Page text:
Research Article| Volume 4, ISSUE 2, P117-120, May 2004

Lesions of the brachial plexus

  • Waldo E Floyd III
    Address reprint requests to Waldo E. Floyd III, MD, Macon Orthopaedic and Hand Center, Suite 500, 840 Pine St, Macon, GA 31208-6317 USA
    Macon Orthopaedic and Hand Center, Macon, GA, USA

    Department of Surgery (Hand), Mercer University School of Medicine, Macon, GA, USA

    Department of Orthopaedic Surgery, Emory University School of Medicine, Atlanta, GA, USA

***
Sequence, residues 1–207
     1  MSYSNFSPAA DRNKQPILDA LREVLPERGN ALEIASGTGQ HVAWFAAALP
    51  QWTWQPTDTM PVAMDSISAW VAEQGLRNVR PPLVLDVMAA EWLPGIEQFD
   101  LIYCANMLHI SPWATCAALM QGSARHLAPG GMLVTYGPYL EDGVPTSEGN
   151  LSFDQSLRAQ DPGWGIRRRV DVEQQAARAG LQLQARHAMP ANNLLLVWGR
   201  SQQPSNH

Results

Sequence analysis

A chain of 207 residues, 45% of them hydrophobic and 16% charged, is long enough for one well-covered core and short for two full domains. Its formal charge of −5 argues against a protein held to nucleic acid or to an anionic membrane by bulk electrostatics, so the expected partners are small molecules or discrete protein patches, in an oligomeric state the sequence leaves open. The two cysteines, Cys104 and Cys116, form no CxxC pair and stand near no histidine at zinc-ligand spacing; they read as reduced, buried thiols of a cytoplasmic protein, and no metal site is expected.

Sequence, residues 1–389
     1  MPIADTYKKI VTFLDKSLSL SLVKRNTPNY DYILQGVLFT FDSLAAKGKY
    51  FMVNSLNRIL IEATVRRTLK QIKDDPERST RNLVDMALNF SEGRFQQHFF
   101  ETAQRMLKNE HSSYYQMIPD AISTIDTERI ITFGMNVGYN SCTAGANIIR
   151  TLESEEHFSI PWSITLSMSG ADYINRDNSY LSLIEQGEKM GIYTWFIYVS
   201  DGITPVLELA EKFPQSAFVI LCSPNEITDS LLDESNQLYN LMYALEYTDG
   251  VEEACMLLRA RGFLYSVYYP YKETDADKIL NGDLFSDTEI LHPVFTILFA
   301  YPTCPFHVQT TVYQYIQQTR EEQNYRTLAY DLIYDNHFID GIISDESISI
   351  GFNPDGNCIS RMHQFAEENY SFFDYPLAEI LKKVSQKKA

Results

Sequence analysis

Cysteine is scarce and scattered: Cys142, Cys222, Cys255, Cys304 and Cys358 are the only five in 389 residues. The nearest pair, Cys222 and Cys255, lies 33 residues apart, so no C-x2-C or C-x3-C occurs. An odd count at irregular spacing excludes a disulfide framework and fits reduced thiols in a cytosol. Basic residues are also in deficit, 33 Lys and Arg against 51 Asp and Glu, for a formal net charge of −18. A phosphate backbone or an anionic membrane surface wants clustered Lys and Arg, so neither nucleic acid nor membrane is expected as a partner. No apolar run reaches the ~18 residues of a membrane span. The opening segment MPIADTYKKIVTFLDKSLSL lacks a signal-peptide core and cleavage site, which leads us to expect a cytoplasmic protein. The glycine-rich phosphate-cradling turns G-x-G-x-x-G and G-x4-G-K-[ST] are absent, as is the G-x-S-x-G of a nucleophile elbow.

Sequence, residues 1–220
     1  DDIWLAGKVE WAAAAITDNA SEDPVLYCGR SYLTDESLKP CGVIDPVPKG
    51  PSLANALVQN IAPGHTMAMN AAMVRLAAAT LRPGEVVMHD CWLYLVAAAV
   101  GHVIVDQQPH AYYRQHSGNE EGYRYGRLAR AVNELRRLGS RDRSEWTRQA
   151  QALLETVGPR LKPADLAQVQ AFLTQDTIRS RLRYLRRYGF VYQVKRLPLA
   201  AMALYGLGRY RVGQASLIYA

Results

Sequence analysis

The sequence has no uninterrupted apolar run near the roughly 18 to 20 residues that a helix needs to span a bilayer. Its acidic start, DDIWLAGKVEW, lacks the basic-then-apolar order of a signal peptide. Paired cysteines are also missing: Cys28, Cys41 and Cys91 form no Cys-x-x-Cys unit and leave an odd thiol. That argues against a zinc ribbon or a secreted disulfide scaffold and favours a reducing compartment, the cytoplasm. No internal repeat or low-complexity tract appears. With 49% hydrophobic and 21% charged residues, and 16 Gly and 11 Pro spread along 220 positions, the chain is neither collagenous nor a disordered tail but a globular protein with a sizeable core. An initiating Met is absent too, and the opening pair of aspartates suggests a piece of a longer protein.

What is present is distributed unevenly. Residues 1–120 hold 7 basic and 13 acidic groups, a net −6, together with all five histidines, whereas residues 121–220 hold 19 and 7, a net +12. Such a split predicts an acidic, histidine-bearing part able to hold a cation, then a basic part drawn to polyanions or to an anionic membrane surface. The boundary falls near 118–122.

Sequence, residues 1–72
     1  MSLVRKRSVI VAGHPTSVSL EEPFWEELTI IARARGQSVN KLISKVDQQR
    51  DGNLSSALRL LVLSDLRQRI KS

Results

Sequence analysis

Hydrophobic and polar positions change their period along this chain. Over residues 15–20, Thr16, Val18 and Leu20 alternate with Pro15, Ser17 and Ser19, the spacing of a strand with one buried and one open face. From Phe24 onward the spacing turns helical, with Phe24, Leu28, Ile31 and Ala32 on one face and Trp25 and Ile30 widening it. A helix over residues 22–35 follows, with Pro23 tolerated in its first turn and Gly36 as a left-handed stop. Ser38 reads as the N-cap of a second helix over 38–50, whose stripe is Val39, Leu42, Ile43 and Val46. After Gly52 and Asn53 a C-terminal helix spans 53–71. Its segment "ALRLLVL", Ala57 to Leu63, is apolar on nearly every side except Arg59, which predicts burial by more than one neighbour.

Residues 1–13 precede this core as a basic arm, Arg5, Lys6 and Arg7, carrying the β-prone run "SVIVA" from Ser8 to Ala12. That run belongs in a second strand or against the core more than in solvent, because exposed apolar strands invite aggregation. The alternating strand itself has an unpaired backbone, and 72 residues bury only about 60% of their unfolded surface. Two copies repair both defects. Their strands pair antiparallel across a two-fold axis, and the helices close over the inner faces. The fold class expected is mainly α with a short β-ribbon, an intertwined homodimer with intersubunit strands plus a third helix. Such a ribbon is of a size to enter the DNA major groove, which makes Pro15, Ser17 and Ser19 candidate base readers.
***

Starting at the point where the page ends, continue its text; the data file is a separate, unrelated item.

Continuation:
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      Tumors of the brachial plexus frequently are not readily apparent and may masquerade as proximal or distal neurologic lesions. Potential pitfalls in diagnosing occult plexal lesions are numerous. Findings of severe pain, proximal and multiple peripheral nerve abnormalities, masses, or an atypical response to management should lead to imaging and electrodiagnostic evaluation of the brachial plexus.
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